Case Report

Intracranial foreign body (bullet) during pregnancy


  • Ali Akdemir
  • İsmet Hortu
  • Burak Zeybek
  • Asuman Sargın
  • Niyazi Aşkar

Received Date: 01.06.2014 Accepted Date: 20.06.2014 Turk J Obstet Gynecol 2014;11(4):246-248 PMID: 28913029

Intracranial foreign bodies during pregnancy is a very rare condition, however its maternal and fetal outcomes are very crucial with regard to morbidity and mortality. Furthermore wounding by firearms is still a public health problem particularly in our country. Intracranial foreign bodies during pregnancy is high risk pregnancy and must be managed with care and multidisciplinary approach. During this course and labour avoiding the increase in intracranial pressure is the most important key point. In this case report we present the follow-up and outcome of a patient with bullet in brain after intracranial injury caused by firearm.

Keywords: Intracranial foreign body (bullet), high-risk pregnancy, cesarean section


Intracranial space-occupying formations are very rare in pregnancy(1). In the process of adaptation to pregnancy, physiological changes in the body occur in many systems. These changes may cause the growth of a neoplastic formation in the intracranial area or the increase of intracranial pressure. In the same way, foreign bodies detected in the intracranial area (shell and shrapnel fragments related to injuries due to firearms etc.) may also cause maternal and fetal morbidity and mortality by increasing the intracranial pressure during pregnancy as well as during childbirth. For this reason, it is necessary to avoid interference and manipulations that may increase the patient’s intracranial pressure during pregnancy and childbirth.


A twenty-seven year old gravida 2 parity 1 patient applied to our clinic to get pregnancy follow up at the 8th week of her pregnancy. In her past history, it was stated that she had a craniotomy operation since she had a bullet in the cranium due to a firearm injury from a close distance eight years ago. During the patient’s physical examination, it is found out that the injury was in the left frontal bone and there is a secondary defect to the operation, and the motion of the right eye is minimally limited. Despite the serious injury of the patient, luckily there was not a significant neurological deficit. She expressed that within the postoperative first 3 months, she had sight impairment, but afterwards the problem with her vision has improved. When her previous cranial imaging methods examined, by Computed Tomography (CT), it is observed that in the cranium posterior at the left parietooccipital area there was a bullet-compatible mass with 9x6 mm in diameter with high signal intensity within brain tissue (Figure 1, 2). Followed by neurosurgery clinic during pre-pregnancy, it is learned that the patient have had no neurological complications or sequels during follow-up.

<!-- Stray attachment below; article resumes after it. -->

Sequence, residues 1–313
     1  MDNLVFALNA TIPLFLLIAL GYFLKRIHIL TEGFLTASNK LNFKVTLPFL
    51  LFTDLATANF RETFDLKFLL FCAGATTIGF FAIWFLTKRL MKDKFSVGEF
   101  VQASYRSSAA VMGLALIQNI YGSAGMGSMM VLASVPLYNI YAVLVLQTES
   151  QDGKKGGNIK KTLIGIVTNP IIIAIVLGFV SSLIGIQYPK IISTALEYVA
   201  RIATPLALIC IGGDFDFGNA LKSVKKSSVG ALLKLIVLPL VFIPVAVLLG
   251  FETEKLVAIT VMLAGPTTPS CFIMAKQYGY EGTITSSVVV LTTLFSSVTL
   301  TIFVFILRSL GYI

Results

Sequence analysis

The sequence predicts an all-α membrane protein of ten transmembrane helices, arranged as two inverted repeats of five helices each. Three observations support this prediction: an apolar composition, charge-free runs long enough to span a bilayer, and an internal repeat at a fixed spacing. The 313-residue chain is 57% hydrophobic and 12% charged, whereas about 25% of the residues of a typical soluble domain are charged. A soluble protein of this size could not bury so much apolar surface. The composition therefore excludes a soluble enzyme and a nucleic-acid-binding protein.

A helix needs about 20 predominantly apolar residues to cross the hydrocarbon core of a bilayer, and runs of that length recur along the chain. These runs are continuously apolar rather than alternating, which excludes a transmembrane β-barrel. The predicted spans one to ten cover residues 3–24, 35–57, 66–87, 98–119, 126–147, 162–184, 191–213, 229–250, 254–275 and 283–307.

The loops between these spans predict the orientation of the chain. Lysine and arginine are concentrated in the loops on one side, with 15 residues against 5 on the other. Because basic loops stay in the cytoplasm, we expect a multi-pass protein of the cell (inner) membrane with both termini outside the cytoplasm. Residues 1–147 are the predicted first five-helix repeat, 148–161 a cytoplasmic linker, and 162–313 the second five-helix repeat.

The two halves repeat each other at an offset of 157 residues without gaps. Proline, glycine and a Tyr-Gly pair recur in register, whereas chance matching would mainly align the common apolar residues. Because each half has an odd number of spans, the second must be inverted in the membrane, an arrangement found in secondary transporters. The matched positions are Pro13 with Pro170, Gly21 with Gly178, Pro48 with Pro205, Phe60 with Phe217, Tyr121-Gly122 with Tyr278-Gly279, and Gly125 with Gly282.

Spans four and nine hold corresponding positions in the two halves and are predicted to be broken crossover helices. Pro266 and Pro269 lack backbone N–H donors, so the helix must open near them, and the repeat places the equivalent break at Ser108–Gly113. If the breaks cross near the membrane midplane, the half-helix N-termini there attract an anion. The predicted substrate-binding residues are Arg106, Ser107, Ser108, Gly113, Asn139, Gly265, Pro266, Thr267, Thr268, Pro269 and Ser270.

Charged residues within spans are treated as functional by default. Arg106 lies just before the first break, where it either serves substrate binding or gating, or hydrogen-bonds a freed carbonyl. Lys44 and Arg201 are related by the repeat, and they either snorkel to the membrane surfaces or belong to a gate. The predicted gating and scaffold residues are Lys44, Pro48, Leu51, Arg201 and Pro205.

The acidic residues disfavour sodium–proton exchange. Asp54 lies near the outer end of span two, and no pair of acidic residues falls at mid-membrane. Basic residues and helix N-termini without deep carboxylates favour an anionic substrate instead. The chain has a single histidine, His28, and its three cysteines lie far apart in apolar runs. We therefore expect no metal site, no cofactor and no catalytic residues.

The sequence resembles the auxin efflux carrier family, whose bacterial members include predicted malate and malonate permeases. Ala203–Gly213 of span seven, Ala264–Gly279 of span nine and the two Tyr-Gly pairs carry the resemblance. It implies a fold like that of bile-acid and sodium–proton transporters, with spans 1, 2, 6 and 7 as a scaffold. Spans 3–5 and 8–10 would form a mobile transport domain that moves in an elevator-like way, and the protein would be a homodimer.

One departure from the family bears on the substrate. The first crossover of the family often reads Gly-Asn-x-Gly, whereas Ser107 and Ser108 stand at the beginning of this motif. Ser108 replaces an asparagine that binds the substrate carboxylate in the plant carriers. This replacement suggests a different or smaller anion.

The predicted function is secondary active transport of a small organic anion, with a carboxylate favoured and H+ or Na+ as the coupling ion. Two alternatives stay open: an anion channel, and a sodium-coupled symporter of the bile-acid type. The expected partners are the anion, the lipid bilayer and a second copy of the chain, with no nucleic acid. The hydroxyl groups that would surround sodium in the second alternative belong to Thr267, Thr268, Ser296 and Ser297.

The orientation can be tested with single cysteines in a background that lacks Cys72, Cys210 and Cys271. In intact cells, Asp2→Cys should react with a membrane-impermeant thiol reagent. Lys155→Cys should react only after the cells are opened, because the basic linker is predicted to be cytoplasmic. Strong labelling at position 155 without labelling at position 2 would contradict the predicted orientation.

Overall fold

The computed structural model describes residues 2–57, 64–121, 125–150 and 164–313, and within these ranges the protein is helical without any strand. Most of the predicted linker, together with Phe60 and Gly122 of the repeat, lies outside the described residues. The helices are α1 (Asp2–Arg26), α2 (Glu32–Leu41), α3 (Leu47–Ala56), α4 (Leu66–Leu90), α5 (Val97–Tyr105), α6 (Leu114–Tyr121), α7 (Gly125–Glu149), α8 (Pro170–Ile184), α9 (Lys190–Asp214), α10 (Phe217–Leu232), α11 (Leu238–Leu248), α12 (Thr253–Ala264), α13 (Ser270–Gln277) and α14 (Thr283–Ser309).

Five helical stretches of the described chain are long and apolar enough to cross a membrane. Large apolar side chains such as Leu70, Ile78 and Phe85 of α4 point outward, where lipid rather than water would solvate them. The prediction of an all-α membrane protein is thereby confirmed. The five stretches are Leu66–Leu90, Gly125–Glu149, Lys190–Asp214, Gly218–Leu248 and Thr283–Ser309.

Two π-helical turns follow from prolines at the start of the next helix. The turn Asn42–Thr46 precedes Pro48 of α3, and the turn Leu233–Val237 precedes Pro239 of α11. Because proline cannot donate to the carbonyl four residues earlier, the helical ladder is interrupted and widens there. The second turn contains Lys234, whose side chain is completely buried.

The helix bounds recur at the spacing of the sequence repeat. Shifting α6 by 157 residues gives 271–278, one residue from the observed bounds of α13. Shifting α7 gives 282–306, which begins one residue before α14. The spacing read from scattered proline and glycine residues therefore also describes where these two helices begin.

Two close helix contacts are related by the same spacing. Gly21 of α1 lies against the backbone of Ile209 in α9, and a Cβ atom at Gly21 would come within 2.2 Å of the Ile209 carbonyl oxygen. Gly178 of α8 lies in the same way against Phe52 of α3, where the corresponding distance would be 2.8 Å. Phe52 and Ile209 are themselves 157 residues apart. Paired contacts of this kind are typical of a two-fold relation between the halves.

By obstetric ultrasound examination, an embryo with 8-9 weeks with the localized heart rate of intrauterine was found. Subsequent follow-up of the patient has been conducted in our clinic during the pregnancy. There has been no obstetric or other systemic problems encountered. The patient has been consulted at regular intervals throughout pregnancy and at the 39th week she was examined by neurosurgery physicians, and their suggestions were taken into consideration. In line with the recommendations of the neurosurgery consultant physicians, elective cesarean delivery was determined in order to avoid increased intracranial pressure and the risk of a possible cerebral herniation, intracranial hemorrhage, and convulsions as much as possible. The patient has also been consulted by the anesthesiology physicians and due to the risk of intracranial pressure changes and herniation, it is determined to perform the operation under general anesthesia instead of regional anesthesia (spinal, epidural). After receiving written informed consent from the patient, to avoid the risk of aspiration, ranitidine and metoclopramide intravenous (iv) were administered 30 minutes before anesthesia. At the time of operation, heart rate (HR), noninvasive blood pressure and peripheral oxygen saturation (SpO2) have been monitored and on the back of the left hand vascular access was established by a 18-gauge (G) cannula and through iv, isotonic saline solution was given. After preoxygenation at induction with 100% oxygen, 10 μkg-1 atropine, 4 mg kg-1 thiopental, 0.6 mg kg-1 rocuronium and 0.5 μ kg-1 remifentanil were administered and by applying 1% sevoflurane in 50% air/O2 endotracheal intubation, the patient was supported by the mechanical ventilator. Live baby girl of 2510 g was delivered with cesarean section. Baby’s 1st and 5th minute Apgar scores were 8 and 10 respectively. The patient’s arterial blood pressure remained stable during follow-up and end tidal CO2 (EtCO2) was maintained at 30-35 mmHg. After the end of the operation the patient was extubated at 0.5% sevoflurane. The patient was transferred to the intensive care unit as in the state of conscious, cooperative, and stable vital signs. No problems were monitored in the postoperative period in our 24-hour monitored patient. The patient was discharged home on the 2nd postoperative day with recommendations.


Firearm injuries, as well as all over the world, especially in our country in terms of mortality and morbidity is a major public health problem(2,3). Despite all the legal sanctions, socio-culturally the habit of possession and use of firearms results in death or damages causing injuries both intentionally or accidentally.